to the states respectively, the appointment of the officers,
and the authority of training the militia according
to the discipline prescribed by Congress;

To exercise exclusive legislation in all cases whatsoever,
over such District (not exceeding ten miles square) as may,
by cession of particular states, and the acceptance of Congress,
become the seat of the government of the United States;

To exercise exclusive legislation over all places purchased
from states by the consent of the legislatures of the states,
for the erection of forts, magazines, arsenals, dockyards,
and other needful buildings;

To make all laws which shall be necessary and proper
for carrying into execution the foregoing powers;


Here are the further restrictions:

Congress cannot suspend the privilege of the writ of habeas corpus,
except in cases of rebellion or invasion when the public safety
may require it.

Congress cannot pass bills of attainder.

Congress cannot pass retroactive laws.

Congress cannot tax individuals directly unless everyone pays
exactly the same tax (ie. the same dollar amount).
[The 16th amendment overrules this and allows income taxes.]

Congress cannot tax any article exported from any state.

Congress cannot give preference by regulation of commerce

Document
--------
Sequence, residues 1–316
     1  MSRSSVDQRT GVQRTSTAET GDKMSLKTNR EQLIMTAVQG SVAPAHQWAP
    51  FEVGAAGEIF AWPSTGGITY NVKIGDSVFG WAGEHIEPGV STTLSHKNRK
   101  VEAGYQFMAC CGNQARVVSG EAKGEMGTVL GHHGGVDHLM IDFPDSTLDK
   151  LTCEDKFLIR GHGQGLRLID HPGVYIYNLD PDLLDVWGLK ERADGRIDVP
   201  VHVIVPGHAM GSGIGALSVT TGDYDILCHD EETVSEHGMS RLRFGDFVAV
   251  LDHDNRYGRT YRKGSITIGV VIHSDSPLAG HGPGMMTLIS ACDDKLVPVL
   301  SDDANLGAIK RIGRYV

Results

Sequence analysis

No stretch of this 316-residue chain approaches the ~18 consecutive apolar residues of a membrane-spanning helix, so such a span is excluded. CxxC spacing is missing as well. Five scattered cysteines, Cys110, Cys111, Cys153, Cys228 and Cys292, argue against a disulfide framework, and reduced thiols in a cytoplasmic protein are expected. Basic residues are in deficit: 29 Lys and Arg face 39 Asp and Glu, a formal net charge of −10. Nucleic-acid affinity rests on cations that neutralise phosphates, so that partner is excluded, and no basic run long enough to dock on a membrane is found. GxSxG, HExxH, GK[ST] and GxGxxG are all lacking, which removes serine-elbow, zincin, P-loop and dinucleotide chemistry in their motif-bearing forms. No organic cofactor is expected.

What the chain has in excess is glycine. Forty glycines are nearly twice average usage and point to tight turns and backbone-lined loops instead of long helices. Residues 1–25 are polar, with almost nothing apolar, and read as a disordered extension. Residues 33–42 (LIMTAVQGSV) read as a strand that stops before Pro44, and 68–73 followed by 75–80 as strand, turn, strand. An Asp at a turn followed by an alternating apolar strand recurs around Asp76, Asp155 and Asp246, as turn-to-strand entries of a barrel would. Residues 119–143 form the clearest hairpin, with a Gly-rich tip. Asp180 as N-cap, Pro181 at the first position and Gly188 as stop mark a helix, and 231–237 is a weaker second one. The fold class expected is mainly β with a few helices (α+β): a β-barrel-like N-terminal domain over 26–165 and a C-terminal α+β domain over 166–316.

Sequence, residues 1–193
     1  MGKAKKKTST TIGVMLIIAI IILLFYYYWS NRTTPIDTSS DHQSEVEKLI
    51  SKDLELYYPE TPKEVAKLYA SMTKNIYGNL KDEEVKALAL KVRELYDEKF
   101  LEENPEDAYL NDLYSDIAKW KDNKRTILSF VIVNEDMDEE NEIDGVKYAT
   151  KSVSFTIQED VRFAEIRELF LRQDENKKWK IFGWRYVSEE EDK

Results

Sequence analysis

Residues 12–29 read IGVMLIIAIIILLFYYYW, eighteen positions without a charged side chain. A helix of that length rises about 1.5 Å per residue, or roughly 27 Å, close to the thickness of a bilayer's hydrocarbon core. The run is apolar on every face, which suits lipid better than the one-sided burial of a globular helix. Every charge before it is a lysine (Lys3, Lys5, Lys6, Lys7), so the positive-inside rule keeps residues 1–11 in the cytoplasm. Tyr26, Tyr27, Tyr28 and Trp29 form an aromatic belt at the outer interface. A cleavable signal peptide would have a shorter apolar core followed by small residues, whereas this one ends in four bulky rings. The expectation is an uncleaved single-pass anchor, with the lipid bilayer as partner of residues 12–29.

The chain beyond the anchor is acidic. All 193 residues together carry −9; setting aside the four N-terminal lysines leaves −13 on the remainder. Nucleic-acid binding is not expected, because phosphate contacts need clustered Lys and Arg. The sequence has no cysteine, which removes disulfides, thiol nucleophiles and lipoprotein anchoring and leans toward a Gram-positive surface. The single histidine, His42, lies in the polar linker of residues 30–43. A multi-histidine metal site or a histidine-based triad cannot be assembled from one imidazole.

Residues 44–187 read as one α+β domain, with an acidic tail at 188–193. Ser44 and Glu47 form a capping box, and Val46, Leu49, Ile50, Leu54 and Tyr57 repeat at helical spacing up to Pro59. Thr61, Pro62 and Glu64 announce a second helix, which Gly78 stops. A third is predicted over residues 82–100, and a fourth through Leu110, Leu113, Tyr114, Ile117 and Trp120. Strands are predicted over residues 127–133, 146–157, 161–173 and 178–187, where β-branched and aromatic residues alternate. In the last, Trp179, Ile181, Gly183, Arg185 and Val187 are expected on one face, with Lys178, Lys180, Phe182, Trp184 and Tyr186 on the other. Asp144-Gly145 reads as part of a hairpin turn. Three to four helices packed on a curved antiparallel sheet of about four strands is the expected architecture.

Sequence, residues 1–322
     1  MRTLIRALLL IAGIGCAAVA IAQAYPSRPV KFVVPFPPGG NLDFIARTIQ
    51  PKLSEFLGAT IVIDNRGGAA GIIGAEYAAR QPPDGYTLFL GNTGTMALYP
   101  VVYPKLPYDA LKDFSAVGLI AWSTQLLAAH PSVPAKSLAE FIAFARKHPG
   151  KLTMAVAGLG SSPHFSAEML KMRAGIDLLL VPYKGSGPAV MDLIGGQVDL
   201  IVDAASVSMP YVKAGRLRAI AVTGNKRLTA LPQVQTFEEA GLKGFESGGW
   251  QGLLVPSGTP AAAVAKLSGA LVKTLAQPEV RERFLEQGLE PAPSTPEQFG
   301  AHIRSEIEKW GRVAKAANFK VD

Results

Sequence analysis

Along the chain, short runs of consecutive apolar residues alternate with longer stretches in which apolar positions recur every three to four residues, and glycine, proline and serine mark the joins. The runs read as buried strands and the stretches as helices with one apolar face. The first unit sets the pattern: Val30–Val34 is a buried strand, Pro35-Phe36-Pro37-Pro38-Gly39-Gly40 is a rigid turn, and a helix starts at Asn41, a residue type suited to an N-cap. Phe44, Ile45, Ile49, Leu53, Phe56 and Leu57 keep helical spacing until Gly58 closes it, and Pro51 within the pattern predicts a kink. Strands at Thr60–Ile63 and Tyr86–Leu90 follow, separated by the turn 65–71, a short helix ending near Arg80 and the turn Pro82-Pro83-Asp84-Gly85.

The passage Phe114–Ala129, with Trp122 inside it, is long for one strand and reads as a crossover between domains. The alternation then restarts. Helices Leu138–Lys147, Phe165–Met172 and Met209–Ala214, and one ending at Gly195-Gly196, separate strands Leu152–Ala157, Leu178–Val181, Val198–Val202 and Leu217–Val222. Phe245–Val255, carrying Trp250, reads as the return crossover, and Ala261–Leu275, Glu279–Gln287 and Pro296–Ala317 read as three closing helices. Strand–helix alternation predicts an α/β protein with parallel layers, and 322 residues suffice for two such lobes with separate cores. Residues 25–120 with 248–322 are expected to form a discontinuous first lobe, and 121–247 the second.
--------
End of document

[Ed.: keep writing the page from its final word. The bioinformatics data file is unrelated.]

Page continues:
or revenue to the ports of one state over another.

Neither the states nor Congress can require vessels from
one state to enter, leave or pay taxes in another state.

Only Congress can authorize withdrawals from the treasury.

A regular statement of receipts and expenditures of public
monies must be published.

The United States government cannot grant any title of nobility.

Bills for raising revenue must originate in the House of Representatives.

President can veto any bill passed by Congress within 10 days
after it is passed.

Congress can overrule presidential vetos only via supermajority
of two-thirds in both House and Senate.

Every action of Congress requiring a vote by members of Congress
is subject to Presidential veto except for a vote for adjournment.

The president can grant reprieves and pardons for offenses
against the United States, except in cases of impeachment.

The president has the power to make treaties provided
two thirds of the senators concur.